Tasha’s Thinkings – Vampire Drabbles
True eh? It was the same for me. I’ve always thought that this kind of art is not really for me, but after starting to research it in its own historical context, it makes a lot more sense.
Happy A to Z! I have been looking forward to this theme! 🙂
We had Art class in high school for 6 years, proceeding chronologically, and yet we never made it to the avant garde… Such a pity.
I did attend art school for a year, but the Avant Gardes were never touched. And truly, I’m not sure I’d appreciate them as much as I do without the necessary historical knowledge. This is a movement that really makes sense in its own historical environment.
Great start. I have feeling that there will be a new wave of Avante Garde art following this current global crisis. Countries are going to be traumatised and people will need a way to heal. My grandfather remained silent about his experiences after WW2, and to this day, his sons have little concrete knowledge of what he experienced because he was steadfast in his refusal to express it.
I understand that was a very common event. Same as for the survivors of the holocaust camps. I think it’s healing when we start to share, though, which is why I think you might be right about a possible resurgence of the Avant Garde.
Avante Garde is such a young phenomenon, no matter what century it belongs to. I could associate a lot with those artists for they wished to delve deeper into the skin and not just portray what meets the eye. The real story always lies beneath and in imperfections. And such stories must be told without any language barrier.
Great start to my learning of the world a century before.
I couldn’t have said it any better!
How fascinating. I’ve always liked 1920s Avant Garde, so it’s great to learn more about the origins of the movement!
It was an unexpected passion for me. LOL!
Very interesting post, and theme! Twenties is not an era I know well.
Feel free to link your A post here at the A to Z Challengers Linky Party
Thanks, I’ve added my link.
And, oh my goodness!!! I love all I’ve seen on your post! Hey, you started with the 1920s too 😉
I especially enjoyed the little video. I really like the way you twine the history of the times with your various topics.
I fell in love with the video too. It has kind of a 1920s vibe.
Your post today is informative and very interesting. I didn’t realize their time to shine was between the wars. Makes me want to learn more. I wonder what art will spring from our current pandemic? Looking forward to tomorrow’s post!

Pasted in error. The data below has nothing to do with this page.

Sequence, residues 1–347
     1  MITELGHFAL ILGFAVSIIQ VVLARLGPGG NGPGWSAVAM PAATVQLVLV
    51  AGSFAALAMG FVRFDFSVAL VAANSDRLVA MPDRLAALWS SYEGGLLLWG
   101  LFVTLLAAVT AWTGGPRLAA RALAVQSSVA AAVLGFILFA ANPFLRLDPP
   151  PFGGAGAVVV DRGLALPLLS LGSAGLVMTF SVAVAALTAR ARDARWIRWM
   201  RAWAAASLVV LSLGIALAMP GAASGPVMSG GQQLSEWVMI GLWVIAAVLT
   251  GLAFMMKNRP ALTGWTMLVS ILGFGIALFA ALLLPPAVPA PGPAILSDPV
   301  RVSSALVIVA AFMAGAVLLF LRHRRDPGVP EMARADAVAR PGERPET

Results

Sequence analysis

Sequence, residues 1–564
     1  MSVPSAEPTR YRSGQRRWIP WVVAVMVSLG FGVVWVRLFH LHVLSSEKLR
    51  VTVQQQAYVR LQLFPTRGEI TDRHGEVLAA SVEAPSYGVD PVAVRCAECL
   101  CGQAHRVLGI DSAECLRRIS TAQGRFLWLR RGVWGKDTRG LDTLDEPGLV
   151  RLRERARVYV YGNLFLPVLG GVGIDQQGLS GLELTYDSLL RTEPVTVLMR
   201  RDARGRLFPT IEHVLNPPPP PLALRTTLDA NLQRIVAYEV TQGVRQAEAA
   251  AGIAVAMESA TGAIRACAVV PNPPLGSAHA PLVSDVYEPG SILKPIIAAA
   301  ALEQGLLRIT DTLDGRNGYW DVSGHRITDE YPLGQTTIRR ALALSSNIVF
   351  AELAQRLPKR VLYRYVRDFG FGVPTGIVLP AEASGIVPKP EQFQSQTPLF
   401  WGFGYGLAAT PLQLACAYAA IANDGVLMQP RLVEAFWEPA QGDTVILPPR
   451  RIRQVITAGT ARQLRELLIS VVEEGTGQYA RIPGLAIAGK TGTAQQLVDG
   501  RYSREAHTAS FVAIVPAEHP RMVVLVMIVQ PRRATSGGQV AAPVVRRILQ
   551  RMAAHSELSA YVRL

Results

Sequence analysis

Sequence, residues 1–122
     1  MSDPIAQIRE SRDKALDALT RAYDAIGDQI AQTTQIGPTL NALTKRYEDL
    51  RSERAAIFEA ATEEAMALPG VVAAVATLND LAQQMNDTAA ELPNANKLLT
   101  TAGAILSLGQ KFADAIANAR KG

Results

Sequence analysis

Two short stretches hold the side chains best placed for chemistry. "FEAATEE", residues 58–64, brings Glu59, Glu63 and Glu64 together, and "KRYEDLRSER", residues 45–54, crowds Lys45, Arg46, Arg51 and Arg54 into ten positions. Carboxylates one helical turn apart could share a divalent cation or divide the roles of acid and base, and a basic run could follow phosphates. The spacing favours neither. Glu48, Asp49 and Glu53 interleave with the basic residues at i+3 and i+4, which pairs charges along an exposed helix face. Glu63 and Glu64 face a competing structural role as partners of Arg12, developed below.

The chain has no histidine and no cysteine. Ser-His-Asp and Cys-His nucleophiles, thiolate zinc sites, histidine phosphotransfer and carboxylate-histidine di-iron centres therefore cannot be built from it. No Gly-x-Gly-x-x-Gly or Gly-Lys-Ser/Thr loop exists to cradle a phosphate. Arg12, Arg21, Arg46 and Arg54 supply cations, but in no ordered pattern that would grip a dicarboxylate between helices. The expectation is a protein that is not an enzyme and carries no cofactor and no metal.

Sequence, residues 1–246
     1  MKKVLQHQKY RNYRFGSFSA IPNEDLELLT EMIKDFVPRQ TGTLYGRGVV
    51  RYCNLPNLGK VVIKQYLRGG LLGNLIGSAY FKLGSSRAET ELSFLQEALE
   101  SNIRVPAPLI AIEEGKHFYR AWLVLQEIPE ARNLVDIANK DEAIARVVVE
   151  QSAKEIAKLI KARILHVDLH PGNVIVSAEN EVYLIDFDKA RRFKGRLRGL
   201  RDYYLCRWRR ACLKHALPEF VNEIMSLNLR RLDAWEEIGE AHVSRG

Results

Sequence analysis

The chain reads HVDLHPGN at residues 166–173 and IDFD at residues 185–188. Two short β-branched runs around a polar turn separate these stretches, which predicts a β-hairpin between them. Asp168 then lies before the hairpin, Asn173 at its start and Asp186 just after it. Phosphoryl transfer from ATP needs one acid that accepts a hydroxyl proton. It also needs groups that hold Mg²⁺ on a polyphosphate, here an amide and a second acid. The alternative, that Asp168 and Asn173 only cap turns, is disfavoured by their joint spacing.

Avant Garde is such an interesting topic. And there is so much to explore.
I like the video too, very interesting. Without the WWI the twenties would not have produced the angsty and angry art it did. I’m wondering what kind of art will the global pandemic end up producing?
Brilliant start to your A-Z series!
One can’t help but wonder what these times will bring. It will affect us deeply, that’s for sure.
I love avant garde art and film, though I know it can be an acquired taste for some. It’s interesting to note one of the invented names so popular in the early decades of the USSR was Avangard. Its influence was felt in so many countries.
Noooo! I didn’t know that Avangard was a name in the USSR! But really, I think that, together with Germany, the USSR is probably where the Avant Gardes were more influential.
I honestly had not researched much at all about the origins of the term ‘avant-garde’. Wonderfully informative post, Sarah!
Thanks, Rebekah 🙂
Researching history is a continuous discovery.
Ronel Janse van Vuuren
I wonder if this century will see a resurgence of the last century’s life in the 20’s — especially in regards to art… Great post!
An A-Z of Faerie: Ankou
I’m certainly seeing a lot of similarities already. In good and bad.
I was not aware of this interesting history of ‘avant gardes’. I just knew it as a noun and an adjective.
This passion to create beauty despite all the destruction… there’s hope yet.
That’s maybe the most valuable lesson Avant Garde gives us.
This was so informative for me…looking forward to more posts!
Thanks, Ninu 🙂
Interesting post. Looking forward to reading more.
Thanks for stopping by 🙂
That was an interesting post! Their artistic expressions where particularly intriguing.
It’s takes a bit of getting to know them, but little by little, they have conquered me!
Thanks so much for stopping by 🙂
Very interesting writing .. thanks for sharing and keep on going!